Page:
This dedication to the elemental flavors of the foods isn’t to say that the dishes are “plain.” The chilled seafood platter, for example, included cured Sockeye salmon with English pea puree and sliced Cape Cod scallops with chili oil. The roasted halibut filet from the Gulf of Maine was accented with roasted garlic scapes and a duck egg and mustard mayonnaise.

The July evening we visited temperatures were over 90 degrees in Portland.  Even the street entertainers seemed to languish.  I ordered a gin and tonic, the most refreshing drink I know, and began to focus on the sea food.  As I studied the menu from our coppertop table, the charms of the large, wood-filled dining room begin to distract me.  The waitress said, “You can imagine how lovely it is on a snowy night,” gesturing toward the large, leaded windows.

Central to the dining room is the open kitchen.  The line of four cooks operates in unison, with high-pitched calls keeping the beat.  With a paddle one cook removes iron-clad dishes from the large, open wood stove.  Flames shoot up.  Another mans the turnspit, roasting pork, chicken, and rabbit.

Kitchen Fore Street Restaurant Portland Maine

So thoroughly has the atmosphere of the place affected me that, suddenly, when the waitress returns, I order wood oven roasted mackerel with roasted red onion sauce and grilled hanger steak!  Fred had already declared his choices of the roasted mussels and breast of Rohan duckling with pickled cherries with black pepper and juniper.  Maybe this “game time decision,” as Fred said, was in anticipation of sharing the excellent 2007 Barbera our waitress would recommend.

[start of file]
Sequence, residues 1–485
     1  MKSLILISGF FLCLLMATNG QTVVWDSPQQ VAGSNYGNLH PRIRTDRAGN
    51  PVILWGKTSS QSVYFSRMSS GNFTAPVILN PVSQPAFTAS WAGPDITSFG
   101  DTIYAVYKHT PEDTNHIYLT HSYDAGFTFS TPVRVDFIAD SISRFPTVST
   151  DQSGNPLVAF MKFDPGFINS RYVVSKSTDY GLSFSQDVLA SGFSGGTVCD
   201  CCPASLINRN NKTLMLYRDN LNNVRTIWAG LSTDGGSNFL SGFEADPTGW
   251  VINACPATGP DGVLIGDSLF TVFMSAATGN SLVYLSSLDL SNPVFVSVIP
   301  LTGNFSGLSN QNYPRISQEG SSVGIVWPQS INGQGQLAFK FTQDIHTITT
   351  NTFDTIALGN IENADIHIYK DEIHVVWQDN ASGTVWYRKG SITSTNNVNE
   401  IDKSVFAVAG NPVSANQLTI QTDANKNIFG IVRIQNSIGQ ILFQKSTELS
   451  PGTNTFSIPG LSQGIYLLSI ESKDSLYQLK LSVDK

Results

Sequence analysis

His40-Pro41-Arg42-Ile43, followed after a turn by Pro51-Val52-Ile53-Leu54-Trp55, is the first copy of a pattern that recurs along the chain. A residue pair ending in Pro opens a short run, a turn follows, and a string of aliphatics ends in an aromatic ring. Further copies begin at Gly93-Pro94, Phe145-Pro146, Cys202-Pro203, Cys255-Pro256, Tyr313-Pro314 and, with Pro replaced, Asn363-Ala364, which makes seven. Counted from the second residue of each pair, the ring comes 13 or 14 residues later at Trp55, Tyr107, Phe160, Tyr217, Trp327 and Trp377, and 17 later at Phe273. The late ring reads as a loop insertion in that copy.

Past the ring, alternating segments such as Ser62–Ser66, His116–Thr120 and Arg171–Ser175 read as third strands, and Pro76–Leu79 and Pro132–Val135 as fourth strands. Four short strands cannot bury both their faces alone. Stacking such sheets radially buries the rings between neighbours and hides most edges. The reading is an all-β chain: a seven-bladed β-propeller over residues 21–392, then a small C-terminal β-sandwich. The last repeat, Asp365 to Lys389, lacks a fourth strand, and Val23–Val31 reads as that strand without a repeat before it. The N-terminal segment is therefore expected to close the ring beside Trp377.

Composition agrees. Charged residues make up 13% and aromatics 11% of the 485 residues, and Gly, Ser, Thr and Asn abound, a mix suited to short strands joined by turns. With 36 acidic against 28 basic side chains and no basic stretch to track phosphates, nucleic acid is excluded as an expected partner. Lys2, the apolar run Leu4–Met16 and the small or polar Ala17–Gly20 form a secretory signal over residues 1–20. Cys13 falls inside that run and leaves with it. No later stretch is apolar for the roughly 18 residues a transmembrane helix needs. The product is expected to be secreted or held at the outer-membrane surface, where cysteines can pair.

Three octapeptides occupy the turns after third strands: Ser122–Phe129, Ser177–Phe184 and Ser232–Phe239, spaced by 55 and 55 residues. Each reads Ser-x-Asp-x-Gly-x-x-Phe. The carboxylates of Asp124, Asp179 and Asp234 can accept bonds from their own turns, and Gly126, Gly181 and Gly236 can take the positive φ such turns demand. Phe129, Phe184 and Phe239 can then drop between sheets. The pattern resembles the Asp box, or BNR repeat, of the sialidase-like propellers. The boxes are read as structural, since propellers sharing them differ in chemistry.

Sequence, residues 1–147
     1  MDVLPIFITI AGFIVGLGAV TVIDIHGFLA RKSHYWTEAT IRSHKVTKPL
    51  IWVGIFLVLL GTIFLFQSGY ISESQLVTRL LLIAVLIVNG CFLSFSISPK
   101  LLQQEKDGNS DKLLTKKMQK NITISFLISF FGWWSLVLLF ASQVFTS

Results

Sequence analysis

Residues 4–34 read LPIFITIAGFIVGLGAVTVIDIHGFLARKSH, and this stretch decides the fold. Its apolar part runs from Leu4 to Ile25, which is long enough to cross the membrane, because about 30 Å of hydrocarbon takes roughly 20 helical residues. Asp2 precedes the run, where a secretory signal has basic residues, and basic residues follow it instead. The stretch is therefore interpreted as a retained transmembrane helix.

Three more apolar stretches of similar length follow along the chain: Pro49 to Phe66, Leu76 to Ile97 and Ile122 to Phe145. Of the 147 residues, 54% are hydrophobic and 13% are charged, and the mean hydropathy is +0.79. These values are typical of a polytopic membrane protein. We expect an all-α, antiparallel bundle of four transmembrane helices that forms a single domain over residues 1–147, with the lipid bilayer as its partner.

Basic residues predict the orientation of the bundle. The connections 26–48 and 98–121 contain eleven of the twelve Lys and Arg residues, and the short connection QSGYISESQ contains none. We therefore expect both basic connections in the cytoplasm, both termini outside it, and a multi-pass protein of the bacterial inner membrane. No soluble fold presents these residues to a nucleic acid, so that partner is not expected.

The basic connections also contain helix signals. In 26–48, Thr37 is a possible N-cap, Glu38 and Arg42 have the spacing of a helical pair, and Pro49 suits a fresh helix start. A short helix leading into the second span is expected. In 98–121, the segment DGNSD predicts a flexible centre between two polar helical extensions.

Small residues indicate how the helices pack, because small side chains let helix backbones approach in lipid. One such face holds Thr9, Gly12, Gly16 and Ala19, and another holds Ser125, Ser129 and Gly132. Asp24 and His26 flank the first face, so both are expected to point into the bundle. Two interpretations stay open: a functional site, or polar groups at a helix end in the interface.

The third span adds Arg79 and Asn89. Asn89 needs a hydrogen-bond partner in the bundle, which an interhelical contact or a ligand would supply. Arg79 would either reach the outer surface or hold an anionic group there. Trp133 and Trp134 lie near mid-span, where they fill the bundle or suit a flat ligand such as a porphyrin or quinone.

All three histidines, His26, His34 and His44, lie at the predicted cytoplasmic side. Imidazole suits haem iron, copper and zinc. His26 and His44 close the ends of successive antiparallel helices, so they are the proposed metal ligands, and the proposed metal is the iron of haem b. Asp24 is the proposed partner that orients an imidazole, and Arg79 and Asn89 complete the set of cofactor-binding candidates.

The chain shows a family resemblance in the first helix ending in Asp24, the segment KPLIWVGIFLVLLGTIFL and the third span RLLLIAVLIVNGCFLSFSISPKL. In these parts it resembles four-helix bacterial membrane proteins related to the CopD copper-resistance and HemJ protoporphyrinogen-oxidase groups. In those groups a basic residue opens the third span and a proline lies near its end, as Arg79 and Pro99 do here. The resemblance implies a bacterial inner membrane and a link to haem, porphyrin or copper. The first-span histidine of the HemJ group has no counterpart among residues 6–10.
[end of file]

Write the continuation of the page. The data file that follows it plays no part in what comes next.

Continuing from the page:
After our entrees, we ordered a selection of artisan cheeses as we finished our wine.  We concluded the meal with three sorbets and glasses of refreshing moscato d’asti, preparing ourselves for the reality of the heat outside.

 

Related Stories:

Attention Foodies: Take a Detour to Bartlett Winery When You Visit Acadia National Park in Maine

Fathom Opens in Bar Harbor, Pleasing Both Locals and Memorial Day Visitors to Acadia National Park

Destination Dining at its Best: Xanthus at the Claremont Hotel in Southwest Harbor Maine

 

May 302011
 

You walk in and restaurants immediately flash clues about the experience to come.